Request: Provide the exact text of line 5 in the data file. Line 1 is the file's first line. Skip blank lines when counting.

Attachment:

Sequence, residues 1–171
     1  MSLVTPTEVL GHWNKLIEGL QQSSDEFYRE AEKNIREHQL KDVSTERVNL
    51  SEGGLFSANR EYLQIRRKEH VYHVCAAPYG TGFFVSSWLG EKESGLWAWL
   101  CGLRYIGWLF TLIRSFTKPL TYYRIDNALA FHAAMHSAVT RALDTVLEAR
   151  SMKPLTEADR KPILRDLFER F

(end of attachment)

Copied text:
   151  SMKPLTEADR KPILRDLFER F